Abstract # 1978 Event # 113:

Scheduled for Friday, August 18, 2006 11:00 AM-11:15 AM: Session 10 (Regency East #2) Oral Presentation

The Many Measures of a Good Father: testing infant responsiveness inside and outside of the family

S. Zahed1,2, S. L. Prudom2 and T. E. Ziegler1,2
1University of Wisconsin, Department of Zoology and Psychology, Madison, Wisconsin 53706, USA, 2Wisconsin National Primate Research Center, Madison, Wisconsin 53715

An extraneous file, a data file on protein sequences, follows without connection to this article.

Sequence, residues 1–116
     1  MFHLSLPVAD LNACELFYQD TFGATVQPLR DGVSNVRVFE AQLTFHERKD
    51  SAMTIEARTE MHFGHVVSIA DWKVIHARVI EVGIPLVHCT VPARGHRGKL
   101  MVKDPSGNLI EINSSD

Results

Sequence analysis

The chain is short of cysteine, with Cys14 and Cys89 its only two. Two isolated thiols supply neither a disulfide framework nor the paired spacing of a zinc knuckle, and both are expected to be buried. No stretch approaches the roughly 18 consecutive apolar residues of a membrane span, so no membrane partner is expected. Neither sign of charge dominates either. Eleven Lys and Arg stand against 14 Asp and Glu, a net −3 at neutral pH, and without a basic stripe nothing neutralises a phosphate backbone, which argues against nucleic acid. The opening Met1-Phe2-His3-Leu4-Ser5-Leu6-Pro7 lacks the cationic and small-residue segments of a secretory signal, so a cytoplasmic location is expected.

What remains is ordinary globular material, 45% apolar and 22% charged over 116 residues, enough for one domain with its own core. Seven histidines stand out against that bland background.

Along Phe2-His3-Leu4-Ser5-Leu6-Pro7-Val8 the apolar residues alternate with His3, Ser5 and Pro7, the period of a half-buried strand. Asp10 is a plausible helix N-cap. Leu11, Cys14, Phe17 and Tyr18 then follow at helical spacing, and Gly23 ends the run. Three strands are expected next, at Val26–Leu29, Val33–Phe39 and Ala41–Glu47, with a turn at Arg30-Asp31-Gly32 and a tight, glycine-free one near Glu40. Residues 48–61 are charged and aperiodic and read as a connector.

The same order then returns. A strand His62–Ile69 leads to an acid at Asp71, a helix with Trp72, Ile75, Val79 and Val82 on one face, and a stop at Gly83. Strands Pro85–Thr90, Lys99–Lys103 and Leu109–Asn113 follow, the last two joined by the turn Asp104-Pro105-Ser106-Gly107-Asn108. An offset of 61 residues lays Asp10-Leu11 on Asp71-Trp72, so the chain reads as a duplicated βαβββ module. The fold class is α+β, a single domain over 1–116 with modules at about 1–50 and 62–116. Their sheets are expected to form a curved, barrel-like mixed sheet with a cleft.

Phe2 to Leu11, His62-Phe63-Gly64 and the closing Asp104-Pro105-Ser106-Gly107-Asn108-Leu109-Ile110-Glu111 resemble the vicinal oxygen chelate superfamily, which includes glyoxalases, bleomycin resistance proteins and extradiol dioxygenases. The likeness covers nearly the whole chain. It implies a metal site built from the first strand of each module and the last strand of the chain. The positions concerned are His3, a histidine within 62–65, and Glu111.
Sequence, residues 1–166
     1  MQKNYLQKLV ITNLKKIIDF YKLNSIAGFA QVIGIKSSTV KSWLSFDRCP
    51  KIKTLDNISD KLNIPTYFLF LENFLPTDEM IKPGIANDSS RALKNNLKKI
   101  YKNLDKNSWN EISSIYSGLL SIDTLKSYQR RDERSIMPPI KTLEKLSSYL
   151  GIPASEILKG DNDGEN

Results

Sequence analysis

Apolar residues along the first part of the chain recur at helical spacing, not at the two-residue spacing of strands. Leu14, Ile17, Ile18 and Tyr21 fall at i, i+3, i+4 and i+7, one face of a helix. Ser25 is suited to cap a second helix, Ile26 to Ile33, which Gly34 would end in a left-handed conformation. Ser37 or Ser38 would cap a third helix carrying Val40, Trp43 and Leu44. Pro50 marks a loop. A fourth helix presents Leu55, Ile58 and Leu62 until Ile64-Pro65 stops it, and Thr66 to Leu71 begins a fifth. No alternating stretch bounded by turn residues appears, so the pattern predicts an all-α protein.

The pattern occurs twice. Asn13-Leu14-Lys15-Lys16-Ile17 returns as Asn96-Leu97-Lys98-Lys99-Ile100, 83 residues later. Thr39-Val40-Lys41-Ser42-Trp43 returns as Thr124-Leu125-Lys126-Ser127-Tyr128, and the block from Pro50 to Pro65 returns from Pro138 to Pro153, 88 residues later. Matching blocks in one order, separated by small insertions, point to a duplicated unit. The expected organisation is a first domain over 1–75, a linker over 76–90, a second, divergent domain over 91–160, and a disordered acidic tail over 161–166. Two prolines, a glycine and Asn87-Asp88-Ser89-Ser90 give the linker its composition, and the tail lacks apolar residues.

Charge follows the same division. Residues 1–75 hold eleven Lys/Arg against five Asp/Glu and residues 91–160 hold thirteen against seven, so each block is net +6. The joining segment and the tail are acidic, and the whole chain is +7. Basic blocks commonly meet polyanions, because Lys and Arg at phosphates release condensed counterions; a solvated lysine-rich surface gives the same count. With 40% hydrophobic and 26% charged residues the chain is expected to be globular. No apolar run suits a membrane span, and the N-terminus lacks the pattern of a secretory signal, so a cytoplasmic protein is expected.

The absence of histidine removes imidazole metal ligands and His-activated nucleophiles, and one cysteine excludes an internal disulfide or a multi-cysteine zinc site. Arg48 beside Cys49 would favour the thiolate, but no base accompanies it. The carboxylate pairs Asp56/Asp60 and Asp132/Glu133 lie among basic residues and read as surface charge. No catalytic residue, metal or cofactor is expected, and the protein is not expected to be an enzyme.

Callithrix jacchus infants are raised in complex family environments with all members helping to rear the young. Due to the high birth weight of twin infants, high fecundity of females and need to carry the infants throughout the day, fathers and siblings are needed to raise infants successfully. Previous studies examining male parental behavior have focused on infant carrying with observations made within the family context. This study developed a method to examine a male’s interest in infants when released from family influences and to determine the natural variation in paternal expression. Ten experienced common marmoset fathers were evaluated using three different measures of parental behavior: 1) Focal animal sampling was recorded in family groups for two weeks postpartum; 2) Five daily instantaneous scan samples monitored carry behavior in families; and 3) Then fathers were tested alone in a specially designed cage in a separate room using a crossover design with four stimuli: familiar infant, unfamiliar infant, familiar vocalization and unfamiliar vocalization. Males showed 40-fold inter-individual variation in expression of parental care. Fathers who showed little involvement in infant care in the home cage could express a high level of motivation to respond to infant stimuli in the testing cage. There was no significant correlation between measurements of paternal care in the family context versus responsiveness scores to infants outside (Spearman r2= 0.008). The lack of correlation illustrates that the presence of other family members affects expression of paternal behavior. Grant MH070423.